NDSU Extension Service - Ramsey County


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What Does That Mean?

What Does That Mean?


Have you ever tried reading your credit card agreement? Known for their fine print and formal style of writing, credit card agreements are not easy reading. And an analysis of their readability just proved it. CreditCards.com hired a team of researchers who, using computer software downloaded and analyzed every word of the majority of credit card agreements offered in America. More than 1,200 contracts were included in the analysis. Their comparisons found that the average U.S. credit card agreement is written on a 12th grade reading level - three grades above the average American's reading level. Only one in five adults reads above a 12th-grade level.


This situation makes for a Catch-22 for many credit cardholders. Financial advisers have long strong urged card users to read their credit card agreements carefully to understand the deal they have with their card issuer. It has become even more important since a 2009 federal credit card reform law led to multiple changes in terms. In the new world of credit card use, they say, an informed consumer is better protected against "gotcha" fine print and surprise penalties. However most adults are unlikely to comprehend what they are reading.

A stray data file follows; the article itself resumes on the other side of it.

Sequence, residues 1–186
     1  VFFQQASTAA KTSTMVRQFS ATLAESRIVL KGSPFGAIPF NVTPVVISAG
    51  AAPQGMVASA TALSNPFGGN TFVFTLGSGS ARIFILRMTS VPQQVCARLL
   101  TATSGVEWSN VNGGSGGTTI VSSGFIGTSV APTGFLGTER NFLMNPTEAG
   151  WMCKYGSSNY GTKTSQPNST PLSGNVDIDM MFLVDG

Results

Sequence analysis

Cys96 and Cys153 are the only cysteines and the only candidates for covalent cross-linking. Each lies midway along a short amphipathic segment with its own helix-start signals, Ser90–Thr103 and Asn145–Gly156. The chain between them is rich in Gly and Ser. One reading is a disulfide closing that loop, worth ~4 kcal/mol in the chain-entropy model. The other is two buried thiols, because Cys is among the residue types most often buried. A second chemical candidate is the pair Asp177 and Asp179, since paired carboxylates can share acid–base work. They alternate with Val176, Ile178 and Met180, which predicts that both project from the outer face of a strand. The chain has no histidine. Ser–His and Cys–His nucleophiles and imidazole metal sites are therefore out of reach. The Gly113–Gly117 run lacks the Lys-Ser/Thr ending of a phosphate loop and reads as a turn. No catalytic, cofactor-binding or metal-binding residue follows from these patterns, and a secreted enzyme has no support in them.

What to do? First, take your time reading the agreement with your credit card. This is not a quick, 5-minute read but one where it helps to take notes or make your own chart of the various features and restrictions. Yes, it does sound a lot like taking notes for a high school or college class but remember this is your money we are talking about so you have a vested interest in understanding the agreement.

Here is a quick checklist of the absolutely essential information you should look for on your credit card agreement –


    • The introductory and regular APRs for new purchases and balance transfers


    • Annual fee


    • Late fees and deadlines


    • Details on how to earn rewards and what your rewards points/miles are worth

Other alternatives include working with a financial counselor, your local banker or a loan officer. Legislation is being considered that would require credit card companies to provide a synopsis of their terms but for now being an alert consumer is our responsibility.

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